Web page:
Despite the intensity of inspiration and humor he takes from artistic, historical and literary references, architect Stanley Tigerman had to abandon such concrete allusions at the Formica showroom in favor of abstraction.
This stylistic exercise is free of structural suggestion, historical metaphor, functional expression, or any other fashionable theory of architectural design.
Grace Anderson, Interior Design, January 1987
The double grid is an expression of the site of the project, the Merchandise Mart, the geometry of which is informed (or deformed) by the Chicago River. The trapezoidal site gives rise to the grid, which measures the showroom space. This grid, in turn, is cleaved or disrupted by the people who travel through it, marking it with their presence.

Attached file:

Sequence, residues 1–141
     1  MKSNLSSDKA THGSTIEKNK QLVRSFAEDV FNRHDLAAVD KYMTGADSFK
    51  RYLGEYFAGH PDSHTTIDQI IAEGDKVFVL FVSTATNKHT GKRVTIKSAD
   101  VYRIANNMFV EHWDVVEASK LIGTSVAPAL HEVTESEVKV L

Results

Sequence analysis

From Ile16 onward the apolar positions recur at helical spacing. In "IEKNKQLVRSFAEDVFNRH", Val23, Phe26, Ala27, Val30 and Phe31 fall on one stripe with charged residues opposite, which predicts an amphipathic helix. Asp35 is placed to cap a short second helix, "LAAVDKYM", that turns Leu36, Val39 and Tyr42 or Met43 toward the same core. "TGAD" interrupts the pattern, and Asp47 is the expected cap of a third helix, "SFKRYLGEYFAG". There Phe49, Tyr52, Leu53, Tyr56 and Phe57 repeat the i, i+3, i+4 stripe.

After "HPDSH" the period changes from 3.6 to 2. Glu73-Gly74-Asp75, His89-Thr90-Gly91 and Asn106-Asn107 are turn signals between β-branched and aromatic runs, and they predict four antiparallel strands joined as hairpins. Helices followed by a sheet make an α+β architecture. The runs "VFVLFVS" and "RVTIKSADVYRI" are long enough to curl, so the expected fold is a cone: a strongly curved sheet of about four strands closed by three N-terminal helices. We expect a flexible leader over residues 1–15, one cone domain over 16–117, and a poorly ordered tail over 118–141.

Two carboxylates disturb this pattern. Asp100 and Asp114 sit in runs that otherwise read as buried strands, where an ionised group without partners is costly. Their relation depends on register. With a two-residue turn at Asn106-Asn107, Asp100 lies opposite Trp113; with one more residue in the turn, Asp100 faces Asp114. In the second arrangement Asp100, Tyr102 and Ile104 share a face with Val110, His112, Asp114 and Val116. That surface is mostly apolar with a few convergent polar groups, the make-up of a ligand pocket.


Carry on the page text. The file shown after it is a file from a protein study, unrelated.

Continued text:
The grid also responds to the original concern that the showroom space be marked or measured in such a way that extrinsic allusion are eliminated and the focus is on the object of desire — Formica. Suggesting scaffolding, the grid in turn implies something in the process of becoming or, conversely, being removed.
The nature of the product is intrinsic to the architecture of the showroom. The design is meant to suggest the presence of the product while positing the absence of the architecture the presumably brought it into being. Formica is, by nature, of itself. The design solution demonstrates that the product does not require extrinsic elements to verify — or indeed to justify — its existence.